When Small Epigenomic Signals Matter; New Study Has Compared Broad-Spectrum Epigenetic Signals in Cell Lines of Humans and Other Primates and Identified Some Specific Regulatory Elements in Humans That Are Directly Involved in Neuronal Functions in the Brain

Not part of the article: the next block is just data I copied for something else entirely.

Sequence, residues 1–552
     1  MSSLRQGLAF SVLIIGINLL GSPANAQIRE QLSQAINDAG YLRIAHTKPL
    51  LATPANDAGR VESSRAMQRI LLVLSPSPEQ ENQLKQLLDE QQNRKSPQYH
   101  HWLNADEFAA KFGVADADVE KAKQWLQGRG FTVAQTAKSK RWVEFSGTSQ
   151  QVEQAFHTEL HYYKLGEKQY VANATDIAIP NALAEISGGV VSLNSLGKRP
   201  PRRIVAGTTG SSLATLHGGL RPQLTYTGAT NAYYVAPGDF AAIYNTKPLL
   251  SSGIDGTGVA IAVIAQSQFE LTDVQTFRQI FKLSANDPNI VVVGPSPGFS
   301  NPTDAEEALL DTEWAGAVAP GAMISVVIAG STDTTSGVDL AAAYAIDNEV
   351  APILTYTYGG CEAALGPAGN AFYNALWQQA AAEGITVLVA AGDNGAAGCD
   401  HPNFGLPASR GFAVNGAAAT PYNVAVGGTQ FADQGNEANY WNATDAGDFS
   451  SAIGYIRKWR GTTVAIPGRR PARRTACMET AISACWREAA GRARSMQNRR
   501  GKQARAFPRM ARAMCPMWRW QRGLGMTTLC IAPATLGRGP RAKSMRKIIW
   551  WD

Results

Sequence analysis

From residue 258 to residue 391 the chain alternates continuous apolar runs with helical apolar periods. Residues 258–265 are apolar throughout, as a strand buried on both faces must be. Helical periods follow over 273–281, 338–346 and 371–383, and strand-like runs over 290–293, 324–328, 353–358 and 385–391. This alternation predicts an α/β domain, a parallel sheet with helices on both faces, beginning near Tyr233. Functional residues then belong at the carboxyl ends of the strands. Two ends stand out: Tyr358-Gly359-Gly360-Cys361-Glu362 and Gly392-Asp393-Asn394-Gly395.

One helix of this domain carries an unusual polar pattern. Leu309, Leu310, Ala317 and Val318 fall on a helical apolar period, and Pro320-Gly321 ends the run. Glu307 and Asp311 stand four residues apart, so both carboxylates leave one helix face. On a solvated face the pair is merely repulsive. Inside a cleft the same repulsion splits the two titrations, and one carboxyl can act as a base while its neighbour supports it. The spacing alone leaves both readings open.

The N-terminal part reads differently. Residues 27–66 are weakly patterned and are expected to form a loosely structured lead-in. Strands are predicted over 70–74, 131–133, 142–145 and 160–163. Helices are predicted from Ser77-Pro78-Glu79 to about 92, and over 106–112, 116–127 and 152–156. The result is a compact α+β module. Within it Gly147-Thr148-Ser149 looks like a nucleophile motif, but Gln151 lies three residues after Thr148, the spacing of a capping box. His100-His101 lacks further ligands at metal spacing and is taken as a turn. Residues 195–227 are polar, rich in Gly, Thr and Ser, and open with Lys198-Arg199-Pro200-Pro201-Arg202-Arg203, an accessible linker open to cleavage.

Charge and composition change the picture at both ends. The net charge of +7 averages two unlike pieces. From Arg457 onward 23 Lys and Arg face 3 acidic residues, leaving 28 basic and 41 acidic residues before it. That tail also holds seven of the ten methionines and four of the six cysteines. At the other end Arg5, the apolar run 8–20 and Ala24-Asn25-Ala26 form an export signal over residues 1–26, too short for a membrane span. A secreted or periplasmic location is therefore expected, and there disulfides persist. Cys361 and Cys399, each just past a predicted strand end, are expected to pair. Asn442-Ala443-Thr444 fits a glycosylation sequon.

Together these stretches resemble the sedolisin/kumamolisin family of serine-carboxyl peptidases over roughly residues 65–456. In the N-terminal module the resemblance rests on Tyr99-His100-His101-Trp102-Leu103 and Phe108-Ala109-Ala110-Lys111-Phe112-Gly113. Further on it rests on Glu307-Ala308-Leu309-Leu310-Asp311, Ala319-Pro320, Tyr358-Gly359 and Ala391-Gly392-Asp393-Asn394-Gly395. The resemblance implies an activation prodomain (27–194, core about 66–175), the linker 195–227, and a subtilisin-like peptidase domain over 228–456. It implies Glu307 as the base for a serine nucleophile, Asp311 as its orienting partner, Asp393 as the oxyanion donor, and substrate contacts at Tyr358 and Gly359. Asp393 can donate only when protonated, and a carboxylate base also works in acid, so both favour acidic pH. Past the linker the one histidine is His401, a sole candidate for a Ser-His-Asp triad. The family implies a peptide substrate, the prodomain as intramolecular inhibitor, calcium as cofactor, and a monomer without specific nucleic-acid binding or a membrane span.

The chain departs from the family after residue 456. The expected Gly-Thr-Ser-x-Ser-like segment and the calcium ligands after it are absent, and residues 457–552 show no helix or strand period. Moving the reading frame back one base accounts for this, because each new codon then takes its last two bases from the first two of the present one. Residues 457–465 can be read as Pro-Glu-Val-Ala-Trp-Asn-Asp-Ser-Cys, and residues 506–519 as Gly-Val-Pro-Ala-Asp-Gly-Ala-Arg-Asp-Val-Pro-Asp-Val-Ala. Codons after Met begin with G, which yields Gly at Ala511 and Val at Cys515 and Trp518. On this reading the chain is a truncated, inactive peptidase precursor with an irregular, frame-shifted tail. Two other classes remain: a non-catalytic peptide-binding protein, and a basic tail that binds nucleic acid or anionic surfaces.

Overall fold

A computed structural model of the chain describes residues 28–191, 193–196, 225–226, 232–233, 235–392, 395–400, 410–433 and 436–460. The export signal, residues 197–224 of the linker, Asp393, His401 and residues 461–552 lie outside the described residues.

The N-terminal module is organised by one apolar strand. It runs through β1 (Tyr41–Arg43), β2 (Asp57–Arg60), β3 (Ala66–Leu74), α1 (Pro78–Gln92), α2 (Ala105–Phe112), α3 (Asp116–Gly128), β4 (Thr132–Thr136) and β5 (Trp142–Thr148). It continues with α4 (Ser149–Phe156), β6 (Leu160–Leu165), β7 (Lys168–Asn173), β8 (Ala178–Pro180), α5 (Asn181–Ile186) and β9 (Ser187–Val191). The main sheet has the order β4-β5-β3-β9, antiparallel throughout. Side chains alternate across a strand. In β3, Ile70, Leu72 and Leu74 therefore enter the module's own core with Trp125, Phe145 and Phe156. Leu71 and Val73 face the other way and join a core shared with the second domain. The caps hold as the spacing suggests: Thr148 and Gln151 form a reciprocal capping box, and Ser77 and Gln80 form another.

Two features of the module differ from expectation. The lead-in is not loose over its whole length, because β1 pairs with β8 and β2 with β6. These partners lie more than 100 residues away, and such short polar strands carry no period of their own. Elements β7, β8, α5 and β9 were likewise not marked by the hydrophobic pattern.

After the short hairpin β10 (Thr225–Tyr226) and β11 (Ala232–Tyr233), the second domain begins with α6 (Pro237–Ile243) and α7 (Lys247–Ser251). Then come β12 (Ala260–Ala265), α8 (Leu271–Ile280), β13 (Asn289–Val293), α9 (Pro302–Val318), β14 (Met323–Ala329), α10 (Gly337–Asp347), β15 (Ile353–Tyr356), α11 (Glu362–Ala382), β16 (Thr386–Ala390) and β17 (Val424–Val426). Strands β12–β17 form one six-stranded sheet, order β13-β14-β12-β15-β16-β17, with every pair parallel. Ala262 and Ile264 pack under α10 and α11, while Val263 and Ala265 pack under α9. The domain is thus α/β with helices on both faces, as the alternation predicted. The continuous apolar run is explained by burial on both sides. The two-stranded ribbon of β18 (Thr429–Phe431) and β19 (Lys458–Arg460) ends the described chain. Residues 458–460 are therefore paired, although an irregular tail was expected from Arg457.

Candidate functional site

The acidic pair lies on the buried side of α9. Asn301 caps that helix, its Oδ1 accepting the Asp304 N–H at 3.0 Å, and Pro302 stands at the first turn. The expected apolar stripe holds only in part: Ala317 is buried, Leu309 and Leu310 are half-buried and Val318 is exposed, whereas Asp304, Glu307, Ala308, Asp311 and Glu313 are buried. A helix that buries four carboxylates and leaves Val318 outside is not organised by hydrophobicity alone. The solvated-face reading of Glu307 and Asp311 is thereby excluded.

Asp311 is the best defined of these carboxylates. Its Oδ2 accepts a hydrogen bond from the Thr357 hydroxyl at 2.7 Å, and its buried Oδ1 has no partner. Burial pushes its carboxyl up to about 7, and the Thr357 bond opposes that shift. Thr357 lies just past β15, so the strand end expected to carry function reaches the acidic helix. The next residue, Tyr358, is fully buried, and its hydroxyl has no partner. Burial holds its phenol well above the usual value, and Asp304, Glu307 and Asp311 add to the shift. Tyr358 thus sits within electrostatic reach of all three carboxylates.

Although each organism has a unique genome, a single sequence of genes, each individual has many epigenomes. An epigenome consists of chemical compounds and proteins that can bind to DNA and regulate gene action, either by activating or deactivating them or producing organ- or tissue-specific proteins. As it is a highly dynamic material, it can provide a large amount of information to shed light on the evolution of the various tissues and organs that make up the body. Now, a team from the Institute of Evolutionary Biology (IBE), a joint center of the Spanish National Research Council (CSIC) and Pompeu Fabra University (Barcelona), has carried out the largest study to date on the regulatory elements in the genome of primates.

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